Specific safe harbor provision needs to be introduced to make sure that fund managers of offshore funds being based in India does not result in such offshore funds being regarded as tax resident of India, thereby compromising the eligibility to claim treaty relief in respect of capital gains in any manner.
The financial services sector in India is growing rapidly. This is evidenced by buoyant capital markets, strengthening of the Indian Rupee, Reserve Bank of India’s (RBI) action on interest rates and increased foreign investment in the country.
The Finance Minister, Mr. Arun Jaitley, is set to announce the Union Budget 2015 in a few days. In the promise of better times by the Modi government, the financial services sector expects some of the key changes discussed below in the upcoming Budget.
Capital markets/Private equity Funds/Venture Capital Funds
Considering the positive tone set by the new government to make India a hub for global investments, investors are looking forward to a predictable tax regime in India. The recent decision of the government to accept the Bombay High Court order in the Vodafone tax case is a step in this direction and is expected to go a long way in boosting investor confidence.
The GAAR provisions are proposed to be implemented from 1 April 2015. The primary concern on introduction of GAAR is that the anti-abuse provisions are too broad and subjective. Considering the government’s initiative for improving business sentiment and promoting foreign investment, it may be prudent for the FM to defer GAAR for a few years and have clear guidelines in place as regards its applicability.
The indirect transfer provisions, as are drafted currently, do not provide for any exemption for transfers done by FIIs/ FPIs/ minority / small shareholders whose shareholding may not result in indirect change in ownership, capital, control or management of the Indian company. Accordingly, it would be necessary to get a threshold which would exempt FIIs / small investors from the preview of indirect transfer provisions.
Time and again, treaty applicability has been challenged by Indian tax officers and they have also held the payer entities liable for non-withholding of tax. This has become a major road block for foreign investment in India. It would be helpful if the FM comes up with clear provisions regarding applicability of treaty benefits, which would deter the tax office from challenging the tax treaty without any strong reasoning.
Safe harbour provisions were introduced in last year’s Budget by specifying that securities held by FIIs and FPIs shall be regarded as capital assets. Similar provisions i.e. characterisation of income as capital gains need to be introduced for private equity funds because largely the investment made by these entities is long term in nature. Also, specific safe harbor provision needs to be introduced to make sure that fund managers of offshore funds being based in India does not result in such offshore funds being regarded as tax resident of India, thereby compromising the eligibility to claim treaty relief in respect of capital gains in any manner.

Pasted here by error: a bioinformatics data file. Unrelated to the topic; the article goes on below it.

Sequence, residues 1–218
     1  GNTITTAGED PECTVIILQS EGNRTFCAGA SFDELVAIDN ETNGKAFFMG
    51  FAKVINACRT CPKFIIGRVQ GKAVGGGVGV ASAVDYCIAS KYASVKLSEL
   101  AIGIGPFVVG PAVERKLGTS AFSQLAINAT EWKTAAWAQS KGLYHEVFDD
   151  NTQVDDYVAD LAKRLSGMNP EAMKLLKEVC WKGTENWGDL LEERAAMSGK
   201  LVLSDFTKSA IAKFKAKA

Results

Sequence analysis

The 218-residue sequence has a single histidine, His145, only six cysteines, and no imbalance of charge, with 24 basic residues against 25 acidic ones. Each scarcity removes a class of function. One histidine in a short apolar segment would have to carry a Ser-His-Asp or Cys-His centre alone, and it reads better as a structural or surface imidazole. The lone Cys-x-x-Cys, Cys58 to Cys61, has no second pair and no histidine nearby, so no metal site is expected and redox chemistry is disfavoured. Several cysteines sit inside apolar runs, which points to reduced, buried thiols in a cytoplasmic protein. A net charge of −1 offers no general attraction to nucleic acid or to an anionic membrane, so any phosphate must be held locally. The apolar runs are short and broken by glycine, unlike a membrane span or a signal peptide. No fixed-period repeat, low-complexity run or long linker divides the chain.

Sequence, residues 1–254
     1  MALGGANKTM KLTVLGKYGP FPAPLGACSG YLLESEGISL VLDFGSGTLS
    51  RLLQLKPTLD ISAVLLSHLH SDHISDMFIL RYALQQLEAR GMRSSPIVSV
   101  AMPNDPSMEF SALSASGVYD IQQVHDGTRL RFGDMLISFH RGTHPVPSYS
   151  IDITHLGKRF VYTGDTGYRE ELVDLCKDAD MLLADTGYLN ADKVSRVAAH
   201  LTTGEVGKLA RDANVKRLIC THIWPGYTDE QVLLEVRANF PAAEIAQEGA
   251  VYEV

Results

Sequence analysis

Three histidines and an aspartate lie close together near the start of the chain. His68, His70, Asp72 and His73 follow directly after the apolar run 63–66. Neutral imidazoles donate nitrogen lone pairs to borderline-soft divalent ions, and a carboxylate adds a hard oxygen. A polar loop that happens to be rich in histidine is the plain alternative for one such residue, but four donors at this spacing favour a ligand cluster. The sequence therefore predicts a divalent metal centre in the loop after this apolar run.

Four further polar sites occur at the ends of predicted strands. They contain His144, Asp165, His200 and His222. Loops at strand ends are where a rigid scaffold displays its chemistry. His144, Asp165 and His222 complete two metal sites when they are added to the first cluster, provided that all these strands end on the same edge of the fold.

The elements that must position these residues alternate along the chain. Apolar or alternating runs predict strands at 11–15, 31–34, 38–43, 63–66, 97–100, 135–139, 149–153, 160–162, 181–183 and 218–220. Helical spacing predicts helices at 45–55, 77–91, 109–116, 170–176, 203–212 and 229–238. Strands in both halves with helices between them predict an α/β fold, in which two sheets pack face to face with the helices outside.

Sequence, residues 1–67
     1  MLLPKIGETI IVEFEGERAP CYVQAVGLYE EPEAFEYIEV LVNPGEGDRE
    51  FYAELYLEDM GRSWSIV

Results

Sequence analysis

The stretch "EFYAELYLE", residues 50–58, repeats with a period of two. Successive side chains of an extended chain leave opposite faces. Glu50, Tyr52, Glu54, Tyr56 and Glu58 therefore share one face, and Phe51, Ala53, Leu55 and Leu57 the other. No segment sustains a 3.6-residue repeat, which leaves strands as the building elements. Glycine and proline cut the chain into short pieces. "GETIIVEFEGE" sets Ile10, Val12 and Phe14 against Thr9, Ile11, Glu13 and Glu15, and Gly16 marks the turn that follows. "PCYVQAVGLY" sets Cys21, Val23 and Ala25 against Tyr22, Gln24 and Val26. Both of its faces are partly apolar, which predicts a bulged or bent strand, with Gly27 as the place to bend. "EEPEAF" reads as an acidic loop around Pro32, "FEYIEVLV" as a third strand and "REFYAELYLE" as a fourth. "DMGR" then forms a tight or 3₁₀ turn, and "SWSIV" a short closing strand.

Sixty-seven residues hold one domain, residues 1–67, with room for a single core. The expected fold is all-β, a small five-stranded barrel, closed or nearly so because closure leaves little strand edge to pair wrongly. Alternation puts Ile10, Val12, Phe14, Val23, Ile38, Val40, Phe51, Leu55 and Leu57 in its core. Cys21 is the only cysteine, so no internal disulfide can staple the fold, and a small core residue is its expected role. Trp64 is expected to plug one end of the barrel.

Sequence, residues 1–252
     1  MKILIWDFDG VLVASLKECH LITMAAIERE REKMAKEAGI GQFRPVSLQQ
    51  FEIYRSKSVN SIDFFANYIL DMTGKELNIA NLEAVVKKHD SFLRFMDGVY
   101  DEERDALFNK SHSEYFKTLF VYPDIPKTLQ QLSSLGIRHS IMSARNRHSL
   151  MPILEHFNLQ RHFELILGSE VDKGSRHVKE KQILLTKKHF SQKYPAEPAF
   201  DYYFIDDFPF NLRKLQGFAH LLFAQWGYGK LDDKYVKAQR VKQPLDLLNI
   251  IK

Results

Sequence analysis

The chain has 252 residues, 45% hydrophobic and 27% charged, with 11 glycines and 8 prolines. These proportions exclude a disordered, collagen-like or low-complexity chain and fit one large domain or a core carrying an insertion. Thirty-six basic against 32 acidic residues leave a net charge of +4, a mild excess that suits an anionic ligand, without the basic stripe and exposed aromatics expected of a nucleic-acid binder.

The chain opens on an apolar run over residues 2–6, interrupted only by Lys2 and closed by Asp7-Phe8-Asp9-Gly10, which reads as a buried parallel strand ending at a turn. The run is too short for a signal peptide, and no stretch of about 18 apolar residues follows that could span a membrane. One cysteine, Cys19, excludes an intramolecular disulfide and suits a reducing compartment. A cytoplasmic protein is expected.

The domestic fund industry faces several tax issues such as complexity of trust taxation laws, taxation of fund as an Association of Persons (AOP), TDS credit issues, etc. It would be helpful if a clear tax pass through status is extended to all SEBI registered AIFs instead of restricting it to only Cat I AIFs registered as Venture Capital Fund. Also, in order to encourage availability of a large pool of capital for PE/VC investments in start-ups, SMEs and growing companies, the government should encourage insurance companies, EPFO, Pension funds and charitable trusts to invest in AIFs by making suitable regulatory amendments.
Banks & Non-banking Financial Services (NBFCs)
Banks and NBFCs are required to make a provision for Non-performing assets (NPA) as per the RBI guidelines. Currently, the provision for bad and doubtful debts (if made as per RBI directions) made by banks are allowed as a deduction to the extent of 7.5% from the gross total income and 10% of aggregate average rural advances made by them. However, such a deduction is not available to NBFCs. This discrimination should be done away with as it severely impedes the functioning of NBFCs.
In order to make securitisation trusts a viable investment option for Banks/ NBFCs, expenditure incurred in connection with exempt income earned from a securitisation trust should not be disallowed. Alternatively, the distribution tax levied on such income should be abolished and dividend be taxed in the hands of the bank/ NBFC so that the cascading effect of dis-allowance in respect of exempt income which has already suffered distribution tax is removed.
The insurance industry has a long gestation period. Accordingly, the limit of eight years for carry forward and set off of business losses is not sufficient. Considering the importance of insurance for the Indian economy, it should be allowed to carry forward and set-off unabsorbed business losses for an indefinite period or at least 10-12 years. Further, a level playing field should be provided to the general insurance industry vis-à-vis the life insurance industry. Clarity is also required on withholding tax issues on policyholders’ payout in case of life insurance companies.
The above issues, if addressed in the forthcoming budget, would provide the much needed tax certainty to the financial services sector and boost confidence in the Indian financial markets.